Yet on the Moons surface, reaching hundreds of degrees because of the no atmosphere Moon to block the solar radiated unfiltered sunlight,  the astronots trucked upon. Six times. Some walking and riding for hours at a time.

The surface would be so hot that moon boots would have to be made in the 1960’s of material that would not melt. Special material gloves would have to also be able to touch instruments and pick up lunar rocks of up to two hundred degrees or more temperature while keeping the fingers cooled.

Astronots of Apollo 11 load up for historic mission to walk on the Moon

The facts are that only one company has ever made all of the Apollo space suits, ILC Dover of Washington D.C.



 This is what held all the air, water, cooling fridge, meteoroid protector, human waste collectors and communication devices. The suit had 16 layers of material to protect the astronots and not only self-contained but sealed completely from outside heat and cold.

We are also told by NASA, from official collector edition magazines, that “different suits were worn by the astronauts to and from the moon” which means they had to change outfits in their space can.

 We are also told that the entire suit and backpack weighed 185 pounds for Buzz Aldrin and Neil Armstrong.
from Wikipedia:

Optional requirements

  • Advanced suits better regulate the astronaut‘s temperature with a Liquid Cooling and Ventilation Garment (LCVG) in contact with the astronaut’s skin, from which the heat is dumped into space through an external radiator in the PLSS.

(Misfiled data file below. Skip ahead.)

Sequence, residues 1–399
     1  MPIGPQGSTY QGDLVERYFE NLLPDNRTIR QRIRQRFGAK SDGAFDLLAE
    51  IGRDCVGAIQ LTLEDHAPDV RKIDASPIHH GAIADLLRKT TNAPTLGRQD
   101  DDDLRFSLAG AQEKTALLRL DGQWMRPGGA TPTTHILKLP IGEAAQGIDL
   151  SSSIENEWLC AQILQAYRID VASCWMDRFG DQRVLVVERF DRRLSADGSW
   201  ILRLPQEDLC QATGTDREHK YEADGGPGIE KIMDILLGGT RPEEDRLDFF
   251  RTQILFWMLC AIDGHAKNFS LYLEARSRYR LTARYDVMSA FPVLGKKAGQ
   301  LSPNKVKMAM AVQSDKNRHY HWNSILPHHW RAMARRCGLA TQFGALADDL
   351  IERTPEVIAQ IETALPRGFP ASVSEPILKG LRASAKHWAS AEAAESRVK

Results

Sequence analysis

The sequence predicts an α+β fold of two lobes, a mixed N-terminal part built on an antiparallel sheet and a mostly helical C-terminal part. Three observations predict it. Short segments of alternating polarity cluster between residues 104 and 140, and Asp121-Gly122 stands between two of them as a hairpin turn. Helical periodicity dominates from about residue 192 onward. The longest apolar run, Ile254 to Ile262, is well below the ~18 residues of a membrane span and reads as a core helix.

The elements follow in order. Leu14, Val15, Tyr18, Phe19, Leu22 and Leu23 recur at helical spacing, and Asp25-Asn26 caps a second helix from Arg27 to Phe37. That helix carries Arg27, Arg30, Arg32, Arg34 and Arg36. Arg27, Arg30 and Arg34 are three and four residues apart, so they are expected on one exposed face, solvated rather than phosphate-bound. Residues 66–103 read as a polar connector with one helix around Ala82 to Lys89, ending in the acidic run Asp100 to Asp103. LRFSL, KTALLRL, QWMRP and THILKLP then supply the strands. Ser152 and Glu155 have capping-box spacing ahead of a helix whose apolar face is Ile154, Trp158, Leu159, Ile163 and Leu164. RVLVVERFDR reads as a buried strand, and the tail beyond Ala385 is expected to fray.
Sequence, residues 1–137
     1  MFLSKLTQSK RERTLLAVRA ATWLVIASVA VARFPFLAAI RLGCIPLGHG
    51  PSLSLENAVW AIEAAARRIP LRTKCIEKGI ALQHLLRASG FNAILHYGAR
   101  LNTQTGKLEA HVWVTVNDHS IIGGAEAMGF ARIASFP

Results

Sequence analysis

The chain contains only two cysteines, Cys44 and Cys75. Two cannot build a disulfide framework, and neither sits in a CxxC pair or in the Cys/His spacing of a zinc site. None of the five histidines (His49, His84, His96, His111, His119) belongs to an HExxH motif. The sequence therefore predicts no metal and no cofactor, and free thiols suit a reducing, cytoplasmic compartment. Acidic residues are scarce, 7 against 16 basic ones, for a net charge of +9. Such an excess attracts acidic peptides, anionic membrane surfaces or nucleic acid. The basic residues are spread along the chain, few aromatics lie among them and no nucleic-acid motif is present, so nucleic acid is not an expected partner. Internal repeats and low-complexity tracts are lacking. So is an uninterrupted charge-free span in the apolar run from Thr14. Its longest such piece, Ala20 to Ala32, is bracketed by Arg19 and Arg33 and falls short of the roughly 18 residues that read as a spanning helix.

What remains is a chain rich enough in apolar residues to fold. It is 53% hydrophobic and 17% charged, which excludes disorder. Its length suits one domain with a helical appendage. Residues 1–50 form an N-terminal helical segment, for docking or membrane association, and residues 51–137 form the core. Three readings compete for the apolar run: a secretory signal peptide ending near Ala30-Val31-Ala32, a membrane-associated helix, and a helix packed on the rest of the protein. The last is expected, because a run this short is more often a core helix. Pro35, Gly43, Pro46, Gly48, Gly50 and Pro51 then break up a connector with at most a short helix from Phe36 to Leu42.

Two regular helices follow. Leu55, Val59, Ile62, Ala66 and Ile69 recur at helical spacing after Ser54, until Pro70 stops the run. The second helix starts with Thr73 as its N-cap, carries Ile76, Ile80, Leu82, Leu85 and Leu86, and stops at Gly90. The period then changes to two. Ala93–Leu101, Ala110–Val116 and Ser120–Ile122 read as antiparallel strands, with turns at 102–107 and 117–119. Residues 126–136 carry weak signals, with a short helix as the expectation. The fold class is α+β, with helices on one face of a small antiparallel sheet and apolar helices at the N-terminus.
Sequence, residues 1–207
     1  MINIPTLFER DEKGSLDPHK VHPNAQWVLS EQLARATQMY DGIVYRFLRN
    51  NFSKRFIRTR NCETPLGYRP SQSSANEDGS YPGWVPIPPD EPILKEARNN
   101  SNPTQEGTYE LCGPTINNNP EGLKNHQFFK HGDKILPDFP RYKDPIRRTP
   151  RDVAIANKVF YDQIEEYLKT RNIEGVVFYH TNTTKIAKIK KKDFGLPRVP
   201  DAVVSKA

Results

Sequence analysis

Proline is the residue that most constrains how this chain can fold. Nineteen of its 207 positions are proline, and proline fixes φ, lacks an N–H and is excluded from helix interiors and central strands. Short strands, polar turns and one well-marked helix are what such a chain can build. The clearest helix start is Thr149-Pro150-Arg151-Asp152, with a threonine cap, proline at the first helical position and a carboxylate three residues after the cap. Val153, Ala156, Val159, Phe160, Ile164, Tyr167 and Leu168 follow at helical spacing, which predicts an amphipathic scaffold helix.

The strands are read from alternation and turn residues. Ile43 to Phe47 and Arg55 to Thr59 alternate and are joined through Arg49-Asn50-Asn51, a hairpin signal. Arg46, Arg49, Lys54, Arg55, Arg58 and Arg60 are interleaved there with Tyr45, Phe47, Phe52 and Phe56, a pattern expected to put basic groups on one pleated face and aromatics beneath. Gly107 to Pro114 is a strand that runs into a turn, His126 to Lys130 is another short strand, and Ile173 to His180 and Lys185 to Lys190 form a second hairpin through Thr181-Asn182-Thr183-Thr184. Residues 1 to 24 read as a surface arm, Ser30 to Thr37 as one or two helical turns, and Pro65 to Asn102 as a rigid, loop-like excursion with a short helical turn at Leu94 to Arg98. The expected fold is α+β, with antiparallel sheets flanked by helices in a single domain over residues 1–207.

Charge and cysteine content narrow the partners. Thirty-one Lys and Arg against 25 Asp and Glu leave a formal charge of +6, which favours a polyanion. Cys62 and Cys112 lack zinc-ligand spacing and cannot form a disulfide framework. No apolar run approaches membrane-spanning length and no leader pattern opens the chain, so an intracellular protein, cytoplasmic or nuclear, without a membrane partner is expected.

Additional requirements for EVA include:

As part of astronautical hygiene control (i.e., protecting astronauts from extremes of temperature, radiation, etc.), a space suit is essential for extravehicular activity.

The backpack self-contained cooling system would have to cool the body down over one hundred of degrees, to the finger and toe tips. Air so the astronots could breathe would also be circulating from their backpacks.

The suit would have been so flexible that they could sit in Moonbuggies and even hit a six iron, like Alan Shepard allegedly did.

And deflect tiny objects in space buzzing around in no atmosphere at a NASA calculated 16,777 mph at times.

Toward the end of his walk on the moon during the Apollo 14 mission, astronaut Alan Shepard informed NASA’s Mission Control that he “happened to have” a six-iron golf club, which he had attached to the handle of a lunar scoop. He also had some balls. After a few unsuccessful swings (because of the bulk of his suit, Shepard could only use one hand), he was able to drive one of the balls “for miles and miles and miles.” Upon his return to earth, Shepard donated the club to the U.S. Golf Association. The club pictured above on the right is a replica he gave to the National Air and Space Museum in Washington, D.C.

Communications devices were attached with two way radios and antenna to receive and transmit.

We are told by NASA that the two astronots going to the Moon surface had to change out of their flight suits and change into their much bulkier moonwalking space suits which meant detaching and reattaching tubes, for their excrement’s, oxygen, communicaton and cooling systems.

All within a severely confined small tin can called the Lunar Landing Module or LM which took them to the Moon surface and back to dock with the Command Module awaiting in orbit around the Moon.




Apollo 11 Command Module “Columbia” on display at the Smithsonian Musuem

Apollo 17 Command Module Apollo 17 Command Module “America”. This is the real deal ! This Capsule was launched on December 7, 1972 at 12:33 A.M. attached to a Saturn V rocket. Flew to into lunar orbit on December 11, returned back to earth December 19, 1972 Splashing down approximately 350 miles southeast of the American Samoan Islands at 2:24:59p.m. EST. Recovered by helicopter from the USS Ticonderoga. Total time in space 301 Hrs, 51 Mins, and 59 Sec. This capsule is about the size of a VW Beetle, and it holds three adult men. My 3 year old daughter is a good size comparison, it’s not very large at all.